15:22 GMT23 April 2021
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    • A handout picture provided by the Israeli Antiquities Authority shows archaeologists Haim Cohen (L) and Naama Sukenik transporting an ancient basket excavated from the Muraba'at cave in the Judean Desert near the Dead Sea.
    • Fragments of ancient scrolls found in the Cave of Horror in the Judean Desert in Israel.
    • Archaeologists discover fragments of ancient scrolls found in the Cave of Horror in the Judean Desert in Israel.
    • Ancient coins discovered in the caves of the Judean Desert in Israel.
    • Fragments containing biblical texts.
    • Fragments of a biblical text kept at the the Israeli Department of Antiquities in Jerusalem.
    • Archaeological excavation  in the caves of the Judean Desert in Israel.
    • Ancient coins discovered in the caves of the Judean Desert in Israel.
    • Archaeologists sifting soil during excavation in the Cave of Horror in the Judean Desert in Israel.
    • Heads of arrows and spears found by Israeli archaeologists in the Judean Desert.
    • Fragments of the Dead Sea Scrolls kept at the the Israeli Department of Antiquities in Jerusalem.
    • An antique found in the Judean Desert.
    • A picture of an Israeli archaeologist working in one of the caves of the Judean Desert.
    • Basket from the Neolithic period found in Mura'abat Cave, Judean Desert .
    • Israeli archaeologist restores a well-preserved basket of the Neolithic period.
    © AFP 2021 / Israeli Antiquities Authority / Yaniv Berman
    A handout picture provided by the Israeli Antiquities Authority shows archaeologists Haim Cohen (L) and Naama Sukenik transporting an ancient basket excavated from the Muraba'at cave in the Judean Desert near the Dead Sea.

    Along with the biblical scroll fragments from the Books of the Minor Prophets, the archaeologists excavated a huge 10,500-year-old preserved woven basket, ancient coins, and many other items.

    Dozens of Dead Sea Scrolls' fragments bearing a biblical text have been found in the Judean Desert near the Dead Sea. The findings that shocked both academics and the public include ancient coins, a partially mummified child, and a 10,500-year-old basket, the Israel Antiquities Authority reported Tuesday.

    "For the first time in 60 years, archeologists found fragments bearing a biblical text. The scroll, with passages partly written in Greek, bears lines from the Twelve, a book of the Hebrew Bible that contains the writings of 12 minor prophets", the Israel Antiquities Authority was cited by RIA Novosti as saying.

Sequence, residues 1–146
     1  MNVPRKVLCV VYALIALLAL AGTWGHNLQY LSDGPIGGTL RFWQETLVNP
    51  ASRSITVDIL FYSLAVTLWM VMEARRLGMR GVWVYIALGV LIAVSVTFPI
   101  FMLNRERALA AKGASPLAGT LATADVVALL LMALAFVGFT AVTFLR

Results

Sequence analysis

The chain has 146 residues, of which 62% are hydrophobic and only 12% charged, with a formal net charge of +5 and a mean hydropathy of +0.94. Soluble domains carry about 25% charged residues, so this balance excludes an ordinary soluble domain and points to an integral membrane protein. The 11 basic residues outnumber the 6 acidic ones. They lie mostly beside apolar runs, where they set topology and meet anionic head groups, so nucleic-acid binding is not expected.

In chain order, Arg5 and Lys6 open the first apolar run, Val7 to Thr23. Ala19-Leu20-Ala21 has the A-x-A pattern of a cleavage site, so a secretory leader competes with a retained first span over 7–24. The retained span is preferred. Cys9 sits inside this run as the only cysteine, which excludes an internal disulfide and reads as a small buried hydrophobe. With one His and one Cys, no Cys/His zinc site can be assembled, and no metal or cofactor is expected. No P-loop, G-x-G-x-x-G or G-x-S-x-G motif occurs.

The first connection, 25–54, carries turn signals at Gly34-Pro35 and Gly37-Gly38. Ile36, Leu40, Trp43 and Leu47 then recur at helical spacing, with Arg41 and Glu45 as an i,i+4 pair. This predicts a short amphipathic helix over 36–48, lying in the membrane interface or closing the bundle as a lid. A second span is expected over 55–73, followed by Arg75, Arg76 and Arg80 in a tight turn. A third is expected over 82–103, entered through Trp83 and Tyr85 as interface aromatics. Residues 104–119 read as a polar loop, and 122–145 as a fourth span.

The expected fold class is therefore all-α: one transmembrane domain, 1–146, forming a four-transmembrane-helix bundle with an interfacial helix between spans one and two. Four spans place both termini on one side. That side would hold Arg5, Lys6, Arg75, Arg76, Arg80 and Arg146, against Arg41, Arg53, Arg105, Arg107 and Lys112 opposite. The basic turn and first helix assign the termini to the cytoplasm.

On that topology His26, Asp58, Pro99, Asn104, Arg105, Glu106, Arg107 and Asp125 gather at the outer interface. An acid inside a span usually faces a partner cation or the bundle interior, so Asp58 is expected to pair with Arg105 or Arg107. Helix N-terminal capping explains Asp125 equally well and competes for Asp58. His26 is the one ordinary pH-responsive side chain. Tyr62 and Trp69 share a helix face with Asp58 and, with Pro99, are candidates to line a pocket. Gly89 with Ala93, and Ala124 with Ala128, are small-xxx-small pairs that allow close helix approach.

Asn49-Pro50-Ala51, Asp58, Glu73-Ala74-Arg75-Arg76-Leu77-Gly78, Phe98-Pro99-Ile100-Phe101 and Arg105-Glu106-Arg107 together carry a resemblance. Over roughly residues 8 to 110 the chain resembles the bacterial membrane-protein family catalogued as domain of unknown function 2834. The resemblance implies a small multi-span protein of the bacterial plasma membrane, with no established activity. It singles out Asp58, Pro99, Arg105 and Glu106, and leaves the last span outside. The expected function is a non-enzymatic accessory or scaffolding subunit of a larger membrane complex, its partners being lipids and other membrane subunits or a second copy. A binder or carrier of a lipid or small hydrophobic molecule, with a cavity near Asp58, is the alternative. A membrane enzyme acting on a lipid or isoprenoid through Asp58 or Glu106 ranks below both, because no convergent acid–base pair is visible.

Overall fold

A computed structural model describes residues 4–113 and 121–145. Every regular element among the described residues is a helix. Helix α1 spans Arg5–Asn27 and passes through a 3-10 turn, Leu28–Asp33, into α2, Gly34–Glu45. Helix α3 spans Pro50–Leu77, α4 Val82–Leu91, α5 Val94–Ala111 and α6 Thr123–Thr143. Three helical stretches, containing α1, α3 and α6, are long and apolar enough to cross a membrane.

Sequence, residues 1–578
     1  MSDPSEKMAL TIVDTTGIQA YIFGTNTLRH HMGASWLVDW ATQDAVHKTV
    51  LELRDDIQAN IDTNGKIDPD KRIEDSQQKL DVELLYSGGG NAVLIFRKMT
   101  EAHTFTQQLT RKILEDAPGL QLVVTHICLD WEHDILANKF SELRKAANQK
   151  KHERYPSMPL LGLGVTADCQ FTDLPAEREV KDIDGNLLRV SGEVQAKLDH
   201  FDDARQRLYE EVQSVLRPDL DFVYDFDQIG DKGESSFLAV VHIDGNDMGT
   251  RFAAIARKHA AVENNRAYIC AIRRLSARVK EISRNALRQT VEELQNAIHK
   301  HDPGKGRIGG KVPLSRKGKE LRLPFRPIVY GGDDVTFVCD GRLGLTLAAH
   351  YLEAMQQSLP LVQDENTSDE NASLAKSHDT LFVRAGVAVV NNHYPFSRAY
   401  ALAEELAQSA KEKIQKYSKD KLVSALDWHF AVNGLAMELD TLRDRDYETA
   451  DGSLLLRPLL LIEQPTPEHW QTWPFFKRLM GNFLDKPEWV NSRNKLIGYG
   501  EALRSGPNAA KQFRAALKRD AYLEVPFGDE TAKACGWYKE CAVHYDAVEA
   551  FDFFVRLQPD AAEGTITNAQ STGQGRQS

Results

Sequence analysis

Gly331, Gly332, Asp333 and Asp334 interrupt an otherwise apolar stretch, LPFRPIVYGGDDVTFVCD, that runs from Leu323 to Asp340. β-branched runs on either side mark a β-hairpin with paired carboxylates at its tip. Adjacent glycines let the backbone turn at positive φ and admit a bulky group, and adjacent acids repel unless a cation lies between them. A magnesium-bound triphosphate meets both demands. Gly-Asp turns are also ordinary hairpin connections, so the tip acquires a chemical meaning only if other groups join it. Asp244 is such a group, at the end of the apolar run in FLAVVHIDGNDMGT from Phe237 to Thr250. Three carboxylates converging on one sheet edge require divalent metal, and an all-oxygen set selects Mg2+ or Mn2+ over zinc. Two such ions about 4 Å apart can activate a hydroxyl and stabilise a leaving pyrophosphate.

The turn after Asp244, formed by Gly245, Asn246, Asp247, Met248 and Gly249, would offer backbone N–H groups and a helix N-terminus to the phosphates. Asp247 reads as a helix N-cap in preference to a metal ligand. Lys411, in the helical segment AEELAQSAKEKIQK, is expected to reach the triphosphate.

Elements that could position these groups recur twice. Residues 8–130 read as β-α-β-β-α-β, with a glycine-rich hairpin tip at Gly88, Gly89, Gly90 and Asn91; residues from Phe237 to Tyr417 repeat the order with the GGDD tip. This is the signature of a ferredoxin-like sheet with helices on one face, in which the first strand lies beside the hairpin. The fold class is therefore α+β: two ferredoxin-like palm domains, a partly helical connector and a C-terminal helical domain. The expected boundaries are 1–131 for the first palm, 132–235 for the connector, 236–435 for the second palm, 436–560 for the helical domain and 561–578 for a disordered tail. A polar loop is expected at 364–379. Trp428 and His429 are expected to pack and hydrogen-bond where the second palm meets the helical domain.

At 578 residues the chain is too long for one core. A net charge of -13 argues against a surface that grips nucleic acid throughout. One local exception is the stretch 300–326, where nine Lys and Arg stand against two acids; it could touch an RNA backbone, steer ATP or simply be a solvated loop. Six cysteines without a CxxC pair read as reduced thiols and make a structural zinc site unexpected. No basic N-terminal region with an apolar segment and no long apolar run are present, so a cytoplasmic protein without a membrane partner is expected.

Archaeological excavations have been underway in the caves and ravines of the Judean Desert since 2017.

    Ever since a Bedouin shepherd accidentally spotted the first Dead Sea Scrolls in 1947, these ancient texts have added enormously to present knowledge of a Second Temple in Jerusalem and the plethora of religious groups and sects from which rabbinical Judaism and Christianity eventually emerged and learnt to live side by side.

    Desert caves near the Dead Sea have been raided loads of times by illegal diggers over the years, as they tried to reach antiques, even putting their own life at risk. The scientists have surveyed 80km of the caves and were joined by a number of volunteers during the mission.

    Fragments of a scroll of the Twelve Minor Prophets book were written by two different scribes, research found. The archaeologists were able to identify 11 lines from The Book of Zechariah and the Book of Nahum. Although the biggest portion of the texts is written in the Greek language, the name of God can be seen in ancient Hebrew script, known from the times of the First Temple in Jerusalem, the archeologists added.

    The researchers also found a 6,000-year-old skeleton of a child. The child's body was in the foetal position and was wrapped in cloth.

    The woven basket found by the archaeologists is likely to be recognised as the world's oldest complete item of its kind. It is believed to date back some 10,500 years.

    The scientists also found many items left by the Jewish rebels who fled to the caves at the end of the Bar Kokhba revolt in about AD130.

    Tags:
    religion, history, Science, archeology, Israel, Dead Sea Scrolls
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